Team Thirteen! One year anniversary. One year ago, this group of people and many, many more that sacrificed their own personal lives day in and day out to make change. Taking the risk for a cause the rest was afraid to face head on. They don’t stop there. This cast did not use this as a career launcher, they are all making change on their individual time with social issues affecting people. So, a television show, created conversation, created change and created new leaders. Beyond blessed. Love to all. Crew, EPS, Netflix, Paramount, supporters and our fabulous writers and Yorkey! Our heart. Thank you all for making a ten year rejection a historical moment by your dedication on the show and on your own time. XO

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HC: When work gets tough and you’re feeling discouraged, what cheers you up or inspires you to keep going?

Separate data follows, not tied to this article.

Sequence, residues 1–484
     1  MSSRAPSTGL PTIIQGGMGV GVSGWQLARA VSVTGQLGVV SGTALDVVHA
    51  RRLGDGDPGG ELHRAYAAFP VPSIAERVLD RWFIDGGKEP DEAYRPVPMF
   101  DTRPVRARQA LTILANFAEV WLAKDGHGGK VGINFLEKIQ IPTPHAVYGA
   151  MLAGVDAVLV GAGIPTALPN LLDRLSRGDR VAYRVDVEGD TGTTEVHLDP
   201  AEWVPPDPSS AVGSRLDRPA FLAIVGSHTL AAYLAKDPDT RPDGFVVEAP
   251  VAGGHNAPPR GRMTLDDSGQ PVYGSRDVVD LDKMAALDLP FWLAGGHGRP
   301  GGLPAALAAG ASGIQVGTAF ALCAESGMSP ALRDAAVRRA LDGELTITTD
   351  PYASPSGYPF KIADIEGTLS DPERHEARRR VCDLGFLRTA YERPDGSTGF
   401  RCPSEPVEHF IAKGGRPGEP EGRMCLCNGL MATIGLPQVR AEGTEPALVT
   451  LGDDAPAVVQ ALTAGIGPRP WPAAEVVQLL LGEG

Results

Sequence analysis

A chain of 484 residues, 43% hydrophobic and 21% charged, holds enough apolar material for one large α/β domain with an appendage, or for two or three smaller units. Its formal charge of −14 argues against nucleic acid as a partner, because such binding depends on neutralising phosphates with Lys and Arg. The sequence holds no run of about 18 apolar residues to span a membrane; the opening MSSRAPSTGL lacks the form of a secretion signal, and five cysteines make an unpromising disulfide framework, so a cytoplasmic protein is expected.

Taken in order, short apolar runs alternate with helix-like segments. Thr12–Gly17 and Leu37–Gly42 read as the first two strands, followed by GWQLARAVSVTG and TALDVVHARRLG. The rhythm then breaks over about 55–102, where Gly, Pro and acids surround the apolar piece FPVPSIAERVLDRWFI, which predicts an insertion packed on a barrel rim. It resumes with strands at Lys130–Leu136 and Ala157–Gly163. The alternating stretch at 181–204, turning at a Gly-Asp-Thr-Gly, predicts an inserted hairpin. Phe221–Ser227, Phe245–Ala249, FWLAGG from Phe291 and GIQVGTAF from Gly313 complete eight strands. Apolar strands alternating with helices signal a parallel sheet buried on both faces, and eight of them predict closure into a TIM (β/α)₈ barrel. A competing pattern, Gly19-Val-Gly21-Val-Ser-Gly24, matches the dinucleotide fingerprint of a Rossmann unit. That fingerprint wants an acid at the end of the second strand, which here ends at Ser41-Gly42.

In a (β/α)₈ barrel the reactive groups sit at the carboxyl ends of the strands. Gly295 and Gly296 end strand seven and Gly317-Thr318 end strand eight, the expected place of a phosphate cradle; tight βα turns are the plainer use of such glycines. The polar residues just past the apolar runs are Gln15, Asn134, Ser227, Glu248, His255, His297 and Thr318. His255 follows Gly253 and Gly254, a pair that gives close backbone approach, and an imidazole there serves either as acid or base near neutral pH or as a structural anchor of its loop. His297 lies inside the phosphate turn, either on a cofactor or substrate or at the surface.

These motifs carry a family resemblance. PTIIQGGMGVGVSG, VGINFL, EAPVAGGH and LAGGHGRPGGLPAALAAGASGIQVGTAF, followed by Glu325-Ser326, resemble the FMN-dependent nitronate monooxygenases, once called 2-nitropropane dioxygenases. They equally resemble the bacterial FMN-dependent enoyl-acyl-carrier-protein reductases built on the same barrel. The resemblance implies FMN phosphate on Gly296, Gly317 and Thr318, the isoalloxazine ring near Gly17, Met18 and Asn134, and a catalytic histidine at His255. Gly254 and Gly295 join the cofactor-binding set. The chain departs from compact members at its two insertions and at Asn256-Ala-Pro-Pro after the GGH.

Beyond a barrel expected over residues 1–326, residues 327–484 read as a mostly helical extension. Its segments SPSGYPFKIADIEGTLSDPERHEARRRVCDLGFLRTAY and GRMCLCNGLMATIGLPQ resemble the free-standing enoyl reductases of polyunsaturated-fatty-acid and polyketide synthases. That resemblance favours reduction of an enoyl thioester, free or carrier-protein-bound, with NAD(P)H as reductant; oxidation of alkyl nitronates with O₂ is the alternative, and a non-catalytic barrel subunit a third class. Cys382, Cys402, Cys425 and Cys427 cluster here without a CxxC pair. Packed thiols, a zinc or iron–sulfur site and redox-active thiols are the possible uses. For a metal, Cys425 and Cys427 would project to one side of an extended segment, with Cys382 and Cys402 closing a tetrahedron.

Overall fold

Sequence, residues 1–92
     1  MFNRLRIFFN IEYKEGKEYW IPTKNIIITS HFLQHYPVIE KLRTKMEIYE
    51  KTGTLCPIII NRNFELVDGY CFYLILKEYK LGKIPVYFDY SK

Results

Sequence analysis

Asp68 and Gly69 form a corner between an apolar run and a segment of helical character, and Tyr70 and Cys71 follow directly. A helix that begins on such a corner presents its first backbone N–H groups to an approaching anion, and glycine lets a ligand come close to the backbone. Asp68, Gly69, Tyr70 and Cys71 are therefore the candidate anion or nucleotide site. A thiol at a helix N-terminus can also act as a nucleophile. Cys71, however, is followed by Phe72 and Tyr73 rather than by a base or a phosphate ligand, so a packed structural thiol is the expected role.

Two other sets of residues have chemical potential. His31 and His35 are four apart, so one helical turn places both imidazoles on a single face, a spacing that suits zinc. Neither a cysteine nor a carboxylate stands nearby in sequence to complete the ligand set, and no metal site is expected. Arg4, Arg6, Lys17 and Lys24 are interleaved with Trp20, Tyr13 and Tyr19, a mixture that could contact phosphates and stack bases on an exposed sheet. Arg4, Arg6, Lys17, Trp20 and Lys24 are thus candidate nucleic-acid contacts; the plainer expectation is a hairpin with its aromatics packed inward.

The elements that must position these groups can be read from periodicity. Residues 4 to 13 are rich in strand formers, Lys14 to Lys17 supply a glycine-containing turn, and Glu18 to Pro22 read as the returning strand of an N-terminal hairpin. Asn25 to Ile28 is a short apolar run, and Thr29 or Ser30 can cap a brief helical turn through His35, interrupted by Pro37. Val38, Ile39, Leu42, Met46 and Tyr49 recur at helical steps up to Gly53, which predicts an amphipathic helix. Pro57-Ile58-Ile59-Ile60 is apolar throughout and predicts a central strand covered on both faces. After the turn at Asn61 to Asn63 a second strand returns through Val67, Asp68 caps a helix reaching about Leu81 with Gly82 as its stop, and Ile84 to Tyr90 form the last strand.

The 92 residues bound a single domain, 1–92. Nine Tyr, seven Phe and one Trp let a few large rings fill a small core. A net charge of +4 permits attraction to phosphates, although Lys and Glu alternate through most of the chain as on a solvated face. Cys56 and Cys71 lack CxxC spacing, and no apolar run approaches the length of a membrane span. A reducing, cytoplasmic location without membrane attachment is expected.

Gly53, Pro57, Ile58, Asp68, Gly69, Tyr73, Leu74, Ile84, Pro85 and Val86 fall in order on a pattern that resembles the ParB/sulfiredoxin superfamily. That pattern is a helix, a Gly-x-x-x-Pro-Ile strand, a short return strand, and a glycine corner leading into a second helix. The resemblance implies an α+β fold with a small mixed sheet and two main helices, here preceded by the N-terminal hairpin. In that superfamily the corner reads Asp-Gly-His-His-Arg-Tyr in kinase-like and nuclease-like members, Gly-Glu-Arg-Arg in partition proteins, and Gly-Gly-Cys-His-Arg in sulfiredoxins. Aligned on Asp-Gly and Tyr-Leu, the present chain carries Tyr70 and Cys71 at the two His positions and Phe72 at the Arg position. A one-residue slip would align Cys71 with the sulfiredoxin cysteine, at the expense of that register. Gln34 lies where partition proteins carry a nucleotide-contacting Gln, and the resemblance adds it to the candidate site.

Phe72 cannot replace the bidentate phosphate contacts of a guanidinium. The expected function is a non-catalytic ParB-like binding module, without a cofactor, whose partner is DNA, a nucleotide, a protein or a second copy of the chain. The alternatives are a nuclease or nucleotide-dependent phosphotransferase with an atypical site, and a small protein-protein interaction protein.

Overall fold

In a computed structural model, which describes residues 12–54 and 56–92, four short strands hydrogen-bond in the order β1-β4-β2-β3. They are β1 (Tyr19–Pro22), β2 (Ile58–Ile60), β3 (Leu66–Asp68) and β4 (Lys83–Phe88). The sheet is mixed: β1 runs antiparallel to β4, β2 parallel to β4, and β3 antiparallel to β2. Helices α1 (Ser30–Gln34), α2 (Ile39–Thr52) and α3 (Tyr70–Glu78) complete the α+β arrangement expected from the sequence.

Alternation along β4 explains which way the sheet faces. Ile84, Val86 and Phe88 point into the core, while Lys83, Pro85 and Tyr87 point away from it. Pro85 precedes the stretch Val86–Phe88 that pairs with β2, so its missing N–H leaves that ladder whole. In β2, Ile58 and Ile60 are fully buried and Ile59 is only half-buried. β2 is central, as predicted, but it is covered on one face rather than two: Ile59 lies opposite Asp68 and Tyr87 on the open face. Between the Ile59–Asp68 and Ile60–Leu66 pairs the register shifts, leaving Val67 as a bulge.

MT: Funny Girl by Barbara Streisand cheers me up all the time no matter what happens. I don't know why because I'm not a big musical person. Any Beastie Boys song always makes me happy. There isn't really a particular book that makes me happy because one of my favorite books is so cliché, but it's Bell Jar. It's obviously not a happy book. I do read motivational books and have tons of books, so it's kind of funny that I don't have one in particular that I read. Bell Jar I've probably read a million times.

HC: What is the most useful advice you’ve been given that you think could be applicable for young women in college or starting out in their careers?

MT: The best advice I've ever been given is to be myself. Never change who you are, and stay on your path because in this industry many people are afraid of honesty. The other one is, if you're the smartest person in the room, then you're in the wrong room.